WO99/37299 discloses the use of FGFR inhibitors for the treatment and/or prevention of disorders associated with FGFR over function, particularly cancer.
Surprisingly, it was found that in many cases not FGFR inhibitors but selective FGFR activators are suitable for the prevention and/or treatment of hyperproliferative disorders, since these agonists stimulate cell differentiation processes.
Thus, the invention relates to the use of a compound which is capable of stimulating the activity of an FGFR species for the manufacture of a therapeutic or diagnostic agent, e.g. an agent for the prevention and/or treatment of pathological conditions, e.g. hyperproliferative disorders, particularly neoplastic diseases.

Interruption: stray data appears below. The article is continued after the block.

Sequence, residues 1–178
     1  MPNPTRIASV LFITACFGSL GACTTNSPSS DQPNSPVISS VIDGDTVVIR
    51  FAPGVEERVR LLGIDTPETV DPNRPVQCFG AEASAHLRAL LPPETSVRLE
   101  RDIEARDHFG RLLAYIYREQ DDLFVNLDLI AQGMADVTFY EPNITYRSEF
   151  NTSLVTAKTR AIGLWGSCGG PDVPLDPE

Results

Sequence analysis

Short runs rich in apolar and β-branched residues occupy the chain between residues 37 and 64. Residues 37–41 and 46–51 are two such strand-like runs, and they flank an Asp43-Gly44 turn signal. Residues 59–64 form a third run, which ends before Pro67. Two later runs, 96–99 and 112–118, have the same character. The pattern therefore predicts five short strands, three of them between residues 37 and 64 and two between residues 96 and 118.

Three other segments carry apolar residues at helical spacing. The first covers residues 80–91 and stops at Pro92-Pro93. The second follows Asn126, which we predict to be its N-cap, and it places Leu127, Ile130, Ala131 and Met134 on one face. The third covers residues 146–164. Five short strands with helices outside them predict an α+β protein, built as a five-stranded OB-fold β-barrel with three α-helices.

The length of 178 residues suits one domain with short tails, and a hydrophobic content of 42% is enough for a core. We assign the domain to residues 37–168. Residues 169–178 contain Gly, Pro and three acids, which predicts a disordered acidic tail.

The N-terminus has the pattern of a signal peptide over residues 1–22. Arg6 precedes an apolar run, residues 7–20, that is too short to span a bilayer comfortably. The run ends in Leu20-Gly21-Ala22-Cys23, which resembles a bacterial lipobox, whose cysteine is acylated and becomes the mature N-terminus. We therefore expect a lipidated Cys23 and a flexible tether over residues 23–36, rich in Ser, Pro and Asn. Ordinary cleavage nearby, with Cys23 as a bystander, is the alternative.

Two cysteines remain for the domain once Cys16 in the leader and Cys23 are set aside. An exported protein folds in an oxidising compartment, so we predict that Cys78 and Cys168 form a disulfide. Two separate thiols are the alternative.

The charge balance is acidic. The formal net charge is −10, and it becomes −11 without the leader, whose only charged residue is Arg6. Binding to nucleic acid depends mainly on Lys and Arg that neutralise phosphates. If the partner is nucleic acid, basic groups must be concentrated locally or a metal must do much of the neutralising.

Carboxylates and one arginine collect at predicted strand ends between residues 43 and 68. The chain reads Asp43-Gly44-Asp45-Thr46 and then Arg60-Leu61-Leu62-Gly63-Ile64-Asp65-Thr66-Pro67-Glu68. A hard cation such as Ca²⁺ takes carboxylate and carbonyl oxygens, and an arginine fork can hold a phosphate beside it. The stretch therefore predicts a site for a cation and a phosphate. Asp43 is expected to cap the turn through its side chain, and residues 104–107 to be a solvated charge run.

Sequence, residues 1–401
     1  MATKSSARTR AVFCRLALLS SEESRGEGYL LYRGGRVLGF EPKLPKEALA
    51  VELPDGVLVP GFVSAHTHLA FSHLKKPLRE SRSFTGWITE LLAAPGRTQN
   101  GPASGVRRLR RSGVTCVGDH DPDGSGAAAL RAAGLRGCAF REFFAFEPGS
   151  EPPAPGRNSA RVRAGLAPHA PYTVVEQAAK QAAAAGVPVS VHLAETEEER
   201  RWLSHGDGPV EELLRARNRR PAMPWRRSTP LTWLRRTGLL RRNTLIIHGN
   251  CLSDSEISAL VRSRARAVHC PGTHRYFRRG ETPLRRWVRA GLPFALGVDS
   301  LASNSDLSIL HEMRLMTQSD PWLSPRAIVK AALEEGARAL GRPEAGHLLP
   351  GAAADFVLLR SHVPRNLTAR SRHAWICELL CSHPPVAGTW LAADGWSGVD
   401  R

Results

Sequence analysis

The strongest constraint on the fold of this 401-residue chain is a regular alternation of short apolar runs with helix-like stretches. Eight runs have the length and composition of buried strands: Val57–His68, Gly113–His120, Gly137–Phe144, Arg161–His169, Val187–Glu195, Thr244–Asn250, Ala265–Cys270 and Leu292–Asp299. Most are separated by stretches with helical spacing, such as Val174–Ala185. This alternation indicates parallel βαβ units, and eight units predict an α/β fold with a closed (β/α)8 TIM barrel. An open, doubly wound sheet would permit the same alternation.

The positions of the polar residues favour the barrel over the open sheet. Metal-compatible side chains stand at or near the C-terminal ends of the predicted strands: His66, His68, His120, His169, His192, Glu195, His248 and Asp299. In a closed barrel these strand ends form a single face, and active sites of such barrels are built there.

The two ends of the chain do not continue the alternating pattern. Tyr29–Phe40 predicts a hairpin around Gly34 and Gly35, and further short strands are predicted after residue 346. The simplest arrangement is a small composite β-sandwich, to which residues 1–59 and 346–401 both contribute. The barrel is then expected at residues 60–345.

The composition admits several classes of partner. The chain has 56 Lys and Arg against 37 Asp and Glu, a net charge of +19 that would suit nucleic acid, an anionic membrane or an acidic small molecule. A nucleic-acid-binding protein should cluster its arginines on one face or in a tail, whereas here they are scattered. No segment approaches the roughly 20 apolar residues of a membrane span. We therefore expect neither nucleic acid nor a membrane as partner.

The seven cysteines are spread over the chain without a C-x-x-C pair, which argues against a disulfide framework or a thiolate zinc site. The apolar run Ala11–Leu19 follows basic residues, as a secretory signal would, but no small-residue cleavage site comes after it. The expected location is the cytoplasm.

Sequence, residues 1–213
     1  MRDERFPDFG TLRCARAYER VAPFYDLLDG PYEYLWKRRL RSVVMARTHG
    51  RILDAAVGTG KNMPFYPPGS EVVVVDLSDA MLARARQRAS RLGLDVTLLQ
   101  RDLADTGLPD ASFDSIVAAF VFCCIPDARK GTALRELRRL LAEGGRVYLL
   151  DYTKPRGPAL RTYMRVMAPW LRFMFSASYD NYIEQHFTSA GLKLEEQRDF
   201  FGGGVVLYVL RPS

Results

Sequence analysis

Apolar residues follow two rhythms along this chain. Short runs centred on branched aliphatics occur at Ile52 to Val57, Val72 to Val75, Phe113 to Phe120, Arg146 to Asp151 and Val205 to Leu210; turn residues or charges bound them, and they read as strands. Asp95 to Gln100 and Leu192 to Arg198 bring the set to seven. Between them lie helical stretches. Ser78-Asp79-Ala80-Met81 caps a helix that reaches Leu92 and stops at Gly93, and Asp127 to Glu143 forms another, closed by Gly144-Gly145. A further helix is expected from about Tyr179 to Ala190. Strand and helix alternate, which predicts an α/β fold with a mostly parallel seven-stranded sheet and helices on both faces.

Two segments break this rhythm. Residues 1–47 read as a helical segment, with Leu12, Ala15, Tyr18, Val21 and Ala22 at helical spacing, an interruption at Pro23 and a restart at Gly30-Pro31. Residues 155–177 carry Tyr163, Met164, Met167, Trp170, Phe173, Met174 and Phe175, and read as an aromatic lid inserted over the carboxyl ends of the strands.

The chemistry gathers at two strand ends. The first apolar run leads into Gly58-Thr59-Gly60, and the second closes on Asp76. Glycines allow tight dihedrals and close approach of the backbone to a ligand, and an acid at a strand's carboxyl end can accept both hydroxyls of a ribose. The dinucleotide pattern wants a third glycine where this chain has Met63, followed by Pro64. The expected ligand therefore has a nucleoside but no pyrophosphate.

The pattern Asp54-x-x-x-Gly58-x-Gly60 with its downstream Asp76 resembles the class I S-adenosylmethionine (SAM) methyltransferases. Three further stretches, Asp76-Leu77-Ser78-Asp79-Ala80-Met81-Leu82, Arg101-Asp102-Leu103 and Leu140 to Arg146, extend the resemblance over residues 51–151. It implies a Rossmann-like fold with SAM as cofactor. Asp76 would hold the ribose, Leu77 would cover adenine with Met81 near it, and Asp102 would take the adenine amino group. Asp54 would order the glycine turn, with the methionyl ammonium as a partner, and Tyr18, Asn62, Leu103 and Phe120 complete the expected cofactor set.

At present four structurally related FGFR genes are known which encode four different proteins, namely FGFR-1, -2, -3, and -4. The FGFR proteins exhibit an extracellular domain consisting of three immunoglobulin loops and an acidic portion, a hydrophobic transmembrane domain and an intracellular domain exhibiting tyrosine kinase activity. Different isoforms are known for FGFR-1, FGFR-2 and FGFR-3 which may result e.g. from alternative splicing. At least two allelic variants exist for FGFR-4, which differ at amino acid position 388 (cf. WO99/37299), i.e. FGFR-4 Gly388 and FGFR-4 Arg388.